Unexpectedly high inflation rates put pressure on ECB

February 23, 2022 10:58
Photo: Reuters

The inflation data for January were shocking. Instead of falling from 5.0% YoY to 4.4% YoY as predicted by the Bloomberg consensus, consumer prices increased 5.1% from last January. Consensus estimates were probably never that far away from the actual real figure. The increase in the inflation rate can largely be explained by higher energy prices, which rose by 6.0% MoM in January alone. While core inflation was lower than it had been in December, the decline was less than expected. This highlights the breadth of price pressures, which largely originate from the ongoing supply bottlenecks.

Producer prices for December were published this week and confirm this trend. Having risen 2.9% MoM and 26.2% YoY, the increase is the most extreme seen in the last 25 years. Even with the exclusion of energy prices, producer prices increased by 10.0% YoY, with many intermediate goods also becoming more expensive. Given these inflation data, it doesn’t come as a surprise that price expectations for the coming months are also at very elevated levels. Price expectations should be interpreted carefully as survey respondents often have very adaptive expectations – meaning that they simply extrapolate recent trends. Still, this time it is happening against the backdrop of a relatively tight labour market. In January, the unemployment rate fell to 7.0%, its lowest level since the start of EMU and almost certainly the result of the expansionary economic policies implemented to combat the adverse economic effects of the pandemic. Wages are not currently rising and are not likely to see a material increase this year as few wage negotiations are scheduled to take place in the coming months. But this may just be a matter of time. An increasing number of companies, both in the service and the industrial sector, have reported labour shortages. After years of miserable wage growth it will be surprising if employees do not make any salary demands to compensate for higher prices.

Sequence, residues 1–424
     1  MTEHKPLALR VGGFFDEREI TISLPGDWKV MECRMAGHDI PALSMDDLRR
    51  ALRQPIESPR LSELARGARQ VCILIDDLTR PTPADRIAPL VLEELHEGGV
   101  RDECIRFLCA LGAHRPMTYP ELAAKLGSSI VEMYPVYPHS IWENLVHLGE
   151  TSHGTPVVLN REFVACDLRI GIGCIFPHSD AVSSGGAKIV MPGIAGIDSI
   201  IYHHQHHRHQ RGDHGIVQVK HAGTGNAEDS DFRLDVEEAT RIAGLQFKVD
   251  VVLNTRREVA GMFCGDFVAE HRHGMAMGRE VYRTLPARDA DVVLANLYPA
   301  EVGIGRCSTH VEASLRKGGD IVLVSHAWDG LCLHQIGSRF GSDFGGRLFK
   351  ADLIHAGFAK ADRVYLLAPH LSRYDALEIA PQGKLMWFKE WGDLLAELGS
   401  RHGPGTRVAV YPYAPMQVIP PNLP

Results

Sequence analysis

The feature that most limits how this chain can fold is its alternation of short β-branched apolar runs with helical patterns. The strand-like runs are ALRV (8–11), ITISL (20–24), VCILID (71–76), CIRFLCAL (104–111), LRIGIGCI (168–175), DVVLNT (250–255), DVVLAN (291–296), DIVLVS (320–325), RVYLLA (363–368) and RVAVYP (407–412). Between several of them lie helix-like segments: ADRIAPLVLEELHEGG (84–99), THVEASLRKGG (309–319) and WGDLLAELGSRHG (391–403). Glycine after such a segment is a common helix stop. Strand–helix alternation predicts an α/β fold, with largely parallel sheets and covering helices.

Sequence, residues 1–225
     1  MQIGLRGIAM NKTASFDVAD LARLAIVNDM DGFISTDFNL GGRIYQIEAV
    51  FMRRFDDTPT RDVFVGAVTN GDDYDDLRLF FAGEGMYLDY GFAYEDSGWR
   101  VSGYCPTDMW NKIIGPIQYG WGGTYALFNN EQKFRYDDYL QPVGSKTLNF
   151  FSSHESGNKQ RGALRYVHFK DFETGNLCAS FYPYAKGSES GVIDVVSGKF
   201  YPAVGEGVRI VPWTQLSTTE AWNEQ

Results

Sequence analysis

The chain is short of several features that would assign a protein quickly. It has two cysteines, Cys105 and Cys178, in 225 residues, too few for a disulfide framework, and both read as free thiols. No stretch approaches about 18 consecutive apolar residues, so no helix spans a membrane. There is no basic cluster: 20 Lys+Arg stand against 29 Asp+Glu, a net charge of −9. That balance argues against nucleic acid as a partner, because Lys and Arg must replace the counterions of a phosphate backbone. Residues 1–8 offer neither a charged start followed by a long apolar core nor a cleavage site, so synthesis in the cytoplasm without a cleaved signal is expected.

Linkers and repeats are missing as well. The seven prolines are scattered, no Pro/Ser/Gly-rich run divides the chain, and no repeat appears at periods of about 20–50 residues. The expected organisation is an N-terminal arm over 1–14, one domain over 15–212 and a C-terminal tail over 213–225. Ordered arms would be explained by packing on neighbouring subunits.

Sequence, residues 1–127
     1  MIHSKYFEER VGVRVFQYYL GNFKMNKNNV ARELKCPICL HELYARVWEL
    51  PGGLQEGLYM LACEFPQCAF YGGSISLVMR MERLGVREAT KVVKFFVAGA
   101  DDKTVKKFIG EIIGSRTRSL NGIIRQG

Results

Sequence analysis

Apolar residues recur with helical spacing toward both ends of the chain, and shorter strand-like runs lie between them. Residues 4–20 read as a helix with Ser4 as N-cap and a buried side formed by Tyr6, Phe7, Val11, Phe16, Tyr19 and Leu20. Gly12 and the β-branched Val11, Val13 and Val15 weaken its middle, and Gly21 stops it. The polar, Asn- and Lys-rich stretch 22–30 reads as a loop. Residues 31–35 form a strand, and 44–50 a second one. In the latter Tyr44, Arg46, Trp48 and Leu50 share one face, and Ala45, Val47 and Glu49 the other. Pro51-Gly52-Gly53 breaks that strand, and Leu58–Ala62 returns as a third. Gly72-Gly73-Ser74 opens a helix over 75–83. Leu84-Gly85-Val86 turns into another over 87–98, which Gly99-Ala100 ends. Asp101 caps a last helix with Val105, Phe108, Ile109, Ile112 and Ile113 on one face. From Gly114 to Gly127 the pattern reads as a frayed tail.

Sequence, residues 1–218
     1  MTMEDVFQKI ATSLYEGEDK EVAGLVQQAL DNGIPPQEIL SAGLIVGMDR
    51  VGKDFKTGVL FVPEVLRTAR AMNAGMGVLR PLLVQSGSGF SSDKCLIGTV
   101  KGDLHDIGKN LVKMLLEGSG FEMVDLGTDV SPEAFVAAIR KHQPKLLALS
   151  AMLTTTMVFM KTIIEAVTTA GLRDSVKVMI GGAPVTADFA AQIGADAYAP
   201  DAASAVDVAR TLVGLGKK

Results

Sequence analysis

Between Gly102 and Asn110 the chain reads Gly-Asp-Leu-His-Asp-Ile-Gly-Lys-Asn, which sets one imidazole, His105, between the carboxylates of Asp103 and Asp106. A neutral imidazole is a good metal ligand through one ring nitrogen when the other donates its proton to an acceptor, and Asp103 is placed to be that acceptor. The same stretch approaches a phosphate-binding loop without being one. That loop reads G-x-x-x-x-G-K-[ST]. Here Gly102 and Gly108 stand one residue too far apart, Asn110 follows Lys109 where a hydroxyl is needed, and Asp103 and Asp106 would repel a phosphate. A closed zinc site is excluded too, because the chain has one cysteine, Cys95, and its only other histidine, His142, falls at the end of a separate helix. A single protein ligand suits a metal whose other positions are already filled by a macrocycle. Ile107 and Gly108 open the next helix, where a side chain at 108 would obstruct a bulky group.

Finally, GDP data for 4Q 2021 was also published this week. At 0.3% QoQ, it was close to our estimate and confirmed that supply bottlenecks and high energy prices weigh on household spending and corporate investments alike. For the first quarter, we are only slightly more optimistic, but we expect a strong rebound in the second quarter as COVID restrictions are likely to be eased in most countries and COVID infections fall due to a higher degree of immunity and warmer weather.

At its policy meeting, the ECB has taken note that (i) inflation is much stronger than expected
at the time of its latest macro projections, (ii) the labour market is getting tighter and (iii) there are favourable perspectives for economic growth. President Lagarde opened the door for a tightening of its monetary policy at the coming meetings. She refused to repeat her message that a rate hike is very unlikely this year and also didn’t push against market pricing. But she also dampened early rate hike expectations by (i) confirming rate hikes would only occur following the end of asset purchases (ii) referring to the low wage growth environment and (iii) stating that she doesn’t want to see the ECB “rushed into a process”. The absence of wage pressures would confirm that little has changed for underlying inflationary trends, such that numbers for 2024 are unlikely to be revised up before June or September. As a result, conditions for an earlier rate hike have not been met. However, the current economic data does not support a continuation of asset purchases. We consider a faster reduction of bond purchases to be appropriate. As a consequence, our policy rate forecasts are also under review.

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Chief Economist, Head Economic Research at Bank J Safra Sarasin